preservation of legal error for appellate review, and make a record sufficient to preserve appropriate and potentially meritorious legal issues for such appellate review unless there are strategic reasons for not doing so. As part of this effort, counsel should request, whenever necessary, that all trial proceedings, including voir dire, be recorded.
If appropriate, counsel should advise the client as to suitable courtroom dress and demeanor. If the client is incarcerated, counsel should be alert to the possible prejudicial effects of the client appearing before the jury in jail or other inappropriate clothing. When necessary, counsel should file pretrial motions seeking appropriate clothing for the client and that court personnel follow appropriate procedures so as not to reveal to jurors that the client is incarcerated. Counsel should attempt to prevent the client from being seen by the jury in any form of physical restraint.
Counsel should plan with the client the most convenient system for conferring throughout the trial. When necessary, counsel should seek a court order to have the client available for conferences.
If, during the trial, it appears to counsel that concessions to facts or offenses are strategically indicated, such concessions should be discussed with the client before they are made.
Throughout preparation and trial, counsel should consider the potential effects that particular actions may have upon sentencing if there is a finding of guilt.
Counsel should be familiar with the procedures by which both petit and grand jury venires are selected in the particular jurisdiction and should be alert to any potential legal challenges to the composition or selection of the venires.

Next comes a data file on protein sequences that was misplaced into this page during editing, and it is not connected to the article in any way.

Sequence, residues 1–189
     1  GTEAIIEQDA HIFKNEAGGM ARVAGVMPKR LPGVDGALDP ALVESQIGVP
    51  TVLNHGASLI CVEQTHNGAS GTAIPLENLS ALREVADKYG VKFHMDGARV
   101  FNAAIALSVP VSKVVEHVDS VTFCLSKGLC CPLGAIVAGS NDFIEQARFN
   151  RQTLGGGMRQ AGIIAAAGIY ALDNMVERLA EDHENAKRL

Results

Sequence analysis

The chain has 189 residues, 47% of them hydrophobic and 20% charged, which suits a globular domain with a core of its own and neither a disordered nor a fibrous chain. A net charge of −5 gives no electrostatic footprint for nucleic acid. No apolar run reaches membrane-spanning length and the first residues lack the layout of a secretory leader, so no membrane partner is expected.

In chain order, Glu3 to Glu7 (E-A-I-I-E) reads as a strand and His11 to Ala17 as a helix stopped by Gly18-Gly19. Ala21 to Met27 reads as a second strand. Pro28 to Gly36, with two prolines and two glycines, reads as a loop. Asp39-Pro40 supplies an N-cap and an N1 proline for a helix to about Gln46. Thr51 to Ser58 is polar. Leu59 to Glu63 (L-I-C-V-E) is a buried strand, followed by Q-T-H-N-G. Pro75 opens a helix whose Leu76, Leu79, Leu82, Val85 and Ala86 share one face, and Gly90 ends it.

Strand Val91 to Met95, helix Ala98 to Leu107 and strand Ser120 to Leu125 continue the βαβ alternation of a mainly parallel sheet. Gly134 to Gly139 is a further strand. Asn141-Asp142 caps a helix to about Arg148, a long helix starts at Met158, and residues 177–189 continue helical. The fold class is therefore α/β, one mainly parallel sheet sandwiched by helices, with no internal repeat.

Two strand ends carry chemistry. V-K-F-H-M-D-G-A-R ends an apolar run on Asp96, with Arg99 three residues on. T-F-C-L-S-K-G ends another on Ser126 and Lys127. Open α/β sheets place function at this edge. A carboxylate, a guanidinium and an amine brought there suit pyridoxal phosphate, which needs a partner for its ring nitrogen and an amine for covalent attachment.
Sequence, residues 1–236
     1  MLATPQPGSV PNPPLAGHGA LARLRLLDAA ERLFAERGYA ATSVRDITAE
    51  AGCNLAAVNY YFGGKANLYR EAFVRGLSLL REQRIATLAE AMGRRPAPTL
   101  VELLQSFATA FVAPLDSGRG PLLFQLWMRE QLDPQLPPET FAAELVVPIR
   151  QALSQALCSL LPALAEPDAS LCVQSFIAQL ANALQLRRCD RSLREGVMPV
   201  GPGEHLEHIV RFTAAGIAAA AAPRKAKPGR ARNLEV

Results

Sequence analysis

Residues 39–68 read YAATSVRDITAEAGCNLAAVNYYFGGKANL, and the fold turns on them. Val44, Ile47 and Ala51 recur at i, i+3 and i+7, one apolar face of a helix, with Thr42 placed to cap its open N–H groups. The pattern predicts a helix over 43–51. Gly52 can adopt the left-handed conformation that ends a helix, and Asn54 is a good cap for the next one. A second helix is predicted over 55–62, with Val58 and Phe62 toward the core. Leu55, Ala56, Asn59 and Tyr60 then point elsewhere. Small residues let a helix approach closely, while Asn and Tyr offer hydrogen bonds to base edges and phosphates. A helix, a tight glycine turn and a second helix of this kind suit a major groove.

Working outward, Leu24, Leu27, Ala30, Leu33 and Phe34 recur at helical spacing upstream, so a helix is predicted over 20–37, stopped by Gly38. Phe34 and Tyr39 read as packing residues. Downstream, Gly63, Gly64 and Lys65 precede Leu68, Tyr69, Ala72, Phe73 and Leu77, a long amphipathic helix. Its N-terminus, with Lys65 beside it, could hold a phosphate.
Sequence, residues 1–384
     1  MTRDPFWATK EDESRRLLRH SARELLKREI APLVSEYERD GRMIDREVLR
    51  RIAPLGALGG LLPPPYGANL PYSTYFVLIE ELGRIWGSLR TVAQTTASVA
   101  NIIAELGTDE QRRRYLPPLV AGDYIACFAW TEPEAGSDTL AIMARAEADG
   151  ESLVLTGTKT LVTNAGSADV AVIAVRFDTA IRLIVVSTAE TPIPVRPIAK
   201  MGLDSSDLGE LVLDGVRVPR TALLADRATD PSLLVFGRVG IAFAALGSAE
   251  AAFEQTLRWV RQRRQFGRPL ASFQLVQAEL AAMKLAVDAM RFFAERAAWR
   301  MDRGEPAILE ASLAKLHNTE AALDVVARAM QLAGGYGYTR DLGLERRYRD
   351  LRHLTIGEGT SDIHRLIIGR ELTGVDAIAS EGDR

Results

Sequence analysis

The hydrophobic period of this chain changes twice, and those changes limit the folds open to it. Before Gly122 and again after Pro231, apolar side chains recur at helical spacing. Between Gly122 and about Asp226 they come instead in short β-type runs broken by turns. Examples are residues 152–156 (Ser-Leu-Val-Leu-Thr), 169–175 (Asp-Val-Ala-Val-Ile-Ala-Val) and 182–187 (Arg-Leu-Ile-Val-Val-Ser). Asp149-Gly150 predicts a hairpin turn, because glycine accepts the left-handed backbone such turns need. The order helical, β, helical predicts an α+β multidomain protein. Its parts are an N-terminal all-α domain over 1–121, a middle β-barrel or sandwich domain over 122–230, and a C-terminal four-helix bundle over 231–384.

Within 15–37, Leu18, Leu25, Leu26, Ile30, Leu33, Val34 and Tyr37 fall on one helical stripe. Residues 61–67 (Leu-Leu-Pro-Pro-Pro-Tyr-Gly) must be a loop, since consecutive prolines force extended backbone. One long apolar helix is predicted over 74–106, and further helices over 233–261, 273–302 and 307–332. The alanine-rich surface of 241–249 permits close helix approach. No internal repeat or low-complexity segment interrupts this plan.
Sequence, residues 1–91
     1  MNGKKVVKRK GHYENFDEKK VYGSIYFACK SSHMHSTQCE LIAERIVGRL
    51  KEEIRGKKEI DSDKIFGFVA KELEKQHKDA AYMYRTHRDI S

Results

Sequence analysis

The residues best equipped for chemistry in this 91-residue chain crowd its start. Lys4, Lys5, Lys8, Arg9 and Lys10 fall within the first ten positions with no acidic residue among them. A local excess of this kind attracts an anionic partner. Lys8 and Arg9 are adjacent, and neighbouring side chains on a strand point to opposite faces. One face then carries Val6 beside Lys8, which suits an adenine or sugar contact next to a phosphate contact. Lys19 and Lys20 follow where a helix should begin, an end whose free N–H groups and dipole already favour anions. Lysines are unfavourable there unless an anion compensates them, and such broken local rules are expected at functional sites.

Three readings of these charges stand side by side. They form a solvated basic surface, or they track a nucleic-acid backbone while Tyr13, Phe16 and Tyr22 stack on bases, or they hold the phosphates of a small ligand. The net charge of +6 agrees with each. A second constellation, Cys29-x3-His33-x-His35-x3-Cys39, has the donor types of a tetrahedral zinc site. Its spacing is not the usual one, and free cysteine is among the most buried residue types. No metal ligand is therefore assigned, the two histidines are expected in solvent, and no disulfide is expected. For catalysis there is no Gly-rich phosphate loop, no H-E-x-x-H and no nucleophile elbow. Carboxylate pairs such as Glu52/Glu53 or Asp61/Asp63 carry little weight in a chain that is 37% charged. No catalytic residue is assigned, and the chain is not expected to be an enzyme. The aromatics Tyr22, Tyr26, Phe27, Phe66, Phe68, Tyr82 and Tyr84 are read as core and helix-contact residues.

Counsel should be familiar with local practices and the individual trial judge's procedures for selecting a jury from a panel of the venire, and should be alert to any potential legal challenges to those procedures.
Prior to jury selection, counsel should seek to obtain a prospective juror list and the standard jury questionnaire if feasible, and counsel should seek access to and retain the juror questionnaires that have been completed by potential jurors. Counsel should also consider requesting use of a separate questionnaire that is tailored to the client’s case and should determine the court’s method for tracking juror seating and selection.
Counsel should tailor voir dire questions to the specific case. If appropriate, counsel should develop and file in advance of trial written voir dire questions that counsel would like the court to ask jurors. Among the purposes voir dire questions should be designed to serve are the following:
To elicit information about the attitudes of individual jurors, which will inform counsel and client about peremptory strikes and challenges for cause;